Developers increasingly take mixed-use approach

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Developers increasingly take mixed-use approach

Shopping Centers Today

March 31, 2016

Office and residential developers are increasingly working with retail property owners and developers to boost profits. CBL & Associates Properties is adding apartments to two of its properties and is also working with Cary, N.C., zoning officials to add nonretail uses to its Cary Town Center project. “It’s market-driven,” president and CEO Stephen D. Lebovitz told investors on an earnings call. “And we’re not converting the malls to complete mixed-use projects, but we are adding different uses depending on the markets. We’re looking at other opportunities throughout the portfolio, and a lot of it depends on having the available land or the capacity to do it. So if we’re able to recapture a department store, then we’re looking at opportunities to add other uses in addition to retail.” Westfield, too, is adding residential units to two of its flagship malls in London.

 The mixed-use activity is not confined to the mall sector. Regency Centers announced plans to develop a 46,000-square-foot, Publix-anchored retail component at the 4.33-acre East San Marco mixed-use development, in Jacksonville, Fla. Construction is scheduled to begin late this summer. ArchCo Residential and co-developer Whitehall Realty Partners will be responsible for the overall construction. Jacksonville-based Whitehall has led local efforts and will continue in that role for the duration of the development. Upon completion, ArchCo and its partner Bluerock will own and manage the residential portion of East San Marco, while Regency will own and operate the retail elements.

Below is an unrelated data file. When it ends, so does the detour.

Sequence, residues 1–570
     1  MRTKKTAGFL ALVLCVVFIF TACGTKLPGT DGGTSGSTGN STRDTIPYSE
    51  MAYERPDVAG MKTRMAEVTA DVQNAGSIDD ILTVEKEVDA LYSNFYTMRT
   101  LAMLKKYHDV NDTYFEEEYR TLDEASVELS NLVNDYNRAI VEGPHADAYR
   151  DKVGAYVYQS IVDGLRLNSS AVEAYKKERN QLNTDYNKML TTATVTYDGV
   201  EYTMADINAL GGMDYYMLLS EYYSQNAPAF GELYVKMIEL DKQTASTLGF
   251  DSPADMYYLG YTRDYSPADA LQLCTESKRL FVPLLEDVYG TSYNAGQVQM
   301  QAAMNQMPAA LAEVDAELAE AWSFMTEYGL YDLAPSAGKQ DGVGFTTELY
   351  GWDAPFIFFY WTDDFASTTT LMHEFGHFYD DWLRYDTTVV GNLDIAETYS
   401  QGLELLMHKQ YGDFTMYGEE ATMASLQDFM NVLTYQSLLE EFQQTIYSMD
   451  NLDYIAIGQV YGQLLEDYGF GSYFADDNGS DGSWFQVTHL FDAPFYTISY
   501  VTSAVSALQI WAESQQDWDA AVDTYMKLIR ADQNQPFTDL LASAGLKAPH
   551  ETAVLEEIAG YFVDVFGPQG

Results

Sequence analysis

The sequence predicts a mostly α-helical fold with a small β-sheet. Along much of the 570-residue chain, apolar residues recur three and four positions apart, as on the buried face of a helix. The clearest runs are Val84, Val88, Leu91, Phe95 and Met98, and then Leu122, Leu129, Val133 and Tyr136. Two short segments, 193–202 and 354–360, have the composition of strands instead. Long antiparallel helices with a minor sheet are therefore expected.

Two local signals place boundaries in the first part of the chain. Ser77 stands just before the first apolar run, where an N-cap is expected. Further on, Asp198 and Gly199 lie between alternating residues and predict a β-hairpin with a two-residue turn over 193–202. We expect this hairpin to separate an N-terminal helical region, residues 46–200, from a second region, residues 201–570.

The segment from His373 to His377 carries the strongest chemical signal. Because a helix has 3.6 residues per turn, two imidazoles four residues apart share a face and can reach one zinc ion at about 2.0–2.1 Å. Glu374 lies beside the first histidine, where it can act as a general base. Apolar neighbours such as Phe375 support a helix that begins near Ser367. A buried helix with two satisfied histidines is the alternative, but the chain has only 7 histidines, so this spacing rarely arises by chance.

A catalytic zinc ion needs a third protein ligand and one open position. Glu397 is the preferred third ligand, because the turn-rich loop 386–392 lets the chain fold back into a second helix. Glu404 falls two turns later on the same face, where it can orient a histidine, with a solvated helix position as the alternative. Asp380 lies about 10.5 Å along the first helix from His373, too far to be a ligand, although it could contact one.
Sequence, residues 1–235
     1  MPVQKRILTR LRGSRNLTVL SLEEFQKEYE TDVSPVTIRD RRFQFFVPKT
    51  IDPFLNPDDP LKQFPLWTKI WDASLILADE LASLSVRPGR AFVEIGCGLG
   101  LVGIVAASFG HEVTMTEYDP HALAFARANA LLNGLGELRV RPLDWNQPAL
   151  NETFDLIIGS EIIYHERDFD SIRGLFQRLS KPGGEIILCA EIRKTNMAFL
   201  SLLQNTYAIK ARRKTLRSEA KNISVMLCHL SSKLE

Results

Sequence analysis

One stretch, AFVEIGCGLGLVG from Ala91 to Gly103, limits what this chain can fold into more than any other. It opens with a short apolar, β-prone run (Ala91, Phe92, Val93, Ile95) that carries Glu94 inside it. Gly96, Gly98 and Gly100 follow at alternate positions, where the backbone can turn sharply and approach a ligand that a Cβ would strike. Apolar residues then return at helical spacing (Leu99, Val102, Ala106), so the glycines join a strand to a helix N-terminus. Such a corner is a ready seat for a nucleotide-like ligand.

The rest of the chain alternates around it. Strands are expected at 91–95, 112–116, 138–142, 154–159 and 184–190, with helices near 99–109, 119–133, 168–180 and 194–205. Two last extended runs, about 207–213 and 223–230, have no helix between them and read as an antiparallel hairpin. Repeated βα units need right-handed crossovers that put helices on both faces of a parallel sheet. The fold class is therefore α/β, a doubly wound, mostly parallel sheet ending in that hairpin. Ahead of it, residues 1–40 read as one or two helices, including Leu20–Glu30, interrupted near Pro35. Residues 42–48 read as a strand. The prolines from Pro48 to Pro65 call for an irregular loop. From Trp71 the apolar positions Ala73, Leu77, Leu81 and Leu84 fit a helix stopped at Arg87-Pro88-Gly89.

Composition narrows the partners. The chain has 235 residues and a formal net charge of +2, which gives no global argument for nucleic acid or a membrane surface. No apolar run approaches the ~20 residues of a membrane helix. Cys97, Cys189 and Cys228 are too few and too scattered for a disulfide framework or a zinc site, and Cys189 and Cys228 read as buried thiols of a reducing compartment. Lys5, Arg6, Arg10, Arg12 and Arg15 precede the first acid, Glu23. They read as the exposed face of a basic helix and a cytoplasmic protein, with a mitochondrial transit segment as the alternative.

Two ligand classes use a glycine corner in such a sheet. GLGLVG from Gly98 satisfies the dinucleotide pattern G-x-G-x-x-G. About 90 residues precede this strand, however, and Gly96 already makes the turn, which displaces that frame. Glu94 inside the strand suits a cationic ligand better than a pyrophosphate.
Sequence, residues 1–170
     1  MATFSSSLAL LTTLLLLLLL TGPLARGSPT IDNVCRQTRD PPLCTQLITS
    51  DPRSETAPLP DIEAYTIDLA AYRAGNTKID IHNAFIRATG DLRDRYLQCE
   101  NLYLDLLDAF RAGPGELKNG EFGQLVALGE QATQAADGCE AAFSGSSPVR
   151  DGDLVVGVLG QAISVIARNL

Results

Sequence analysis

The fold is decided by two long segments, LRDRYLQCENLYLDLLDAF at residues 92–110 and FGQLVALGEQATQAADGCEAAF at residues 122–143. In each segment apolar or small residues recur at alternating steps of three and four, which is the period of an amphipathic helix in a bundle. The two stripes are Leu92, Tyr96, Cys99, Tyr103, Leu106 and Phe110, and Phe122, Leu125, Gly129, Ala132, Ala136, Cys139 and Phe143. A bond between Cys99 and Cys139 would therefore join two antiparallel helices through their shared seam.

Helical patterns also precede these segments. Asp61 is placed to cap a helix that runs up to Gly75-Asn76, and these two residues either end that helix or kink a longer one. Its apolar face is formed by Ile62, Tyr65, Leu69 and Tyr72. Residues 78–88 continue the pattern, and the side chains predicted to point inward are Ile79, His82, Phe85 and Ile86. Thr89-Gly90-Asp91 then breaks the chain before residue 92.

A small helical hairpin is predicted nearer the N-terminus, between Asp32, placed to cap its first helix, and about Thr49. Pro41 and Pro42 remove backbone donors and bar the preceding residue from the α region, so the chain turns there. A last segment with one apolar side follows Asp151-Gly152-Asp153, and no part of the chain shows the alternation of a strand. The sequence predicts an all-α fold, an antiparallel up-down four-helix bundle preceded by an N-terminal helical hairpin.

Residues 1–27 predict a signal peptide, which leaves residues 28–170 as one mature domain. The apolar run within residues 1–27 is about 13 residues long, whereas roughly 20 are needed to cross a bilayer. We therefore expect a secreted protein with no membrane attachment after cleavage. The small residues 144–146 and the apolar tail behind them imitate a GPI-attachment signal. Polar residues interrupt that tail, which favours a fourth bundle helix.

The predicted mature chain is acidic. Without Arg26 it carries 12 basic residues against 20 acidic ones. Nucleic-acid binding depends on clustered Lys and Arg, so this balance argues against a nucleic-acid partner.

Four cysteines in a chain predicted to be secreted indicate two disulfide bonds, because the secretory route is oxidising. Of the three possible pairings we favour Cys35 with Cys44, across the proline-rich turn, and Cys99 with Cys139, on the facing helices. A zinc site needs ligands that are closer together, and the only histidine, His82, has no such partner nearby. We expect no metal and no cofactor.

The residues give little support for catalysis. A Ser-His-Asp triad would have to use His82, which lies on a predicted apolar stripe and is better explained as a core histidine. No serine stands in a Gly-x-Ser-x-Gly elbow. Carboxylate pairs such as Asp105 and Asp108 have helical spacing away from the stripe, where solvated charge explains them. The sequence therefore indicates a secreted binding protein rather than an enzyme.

Some retail developers are doing the mixed-use work themselves. Ramco-Gershenson Properties Trust is mulling over adding office space to some of its future projects, having inherited some mixed-use office space through acquisitions. “We will be very conservative,” said President and CEO Dennis E. Gershenson. “If we’re going to consider building any office, it would have to be significantly preleased. But because we own these larger shopping centers, the whole concept of live-work-play has become more and more an element in people’s lives, especially for the Millennials. So we’ll be selective in what we do, but we certainly are open to the possibility.”

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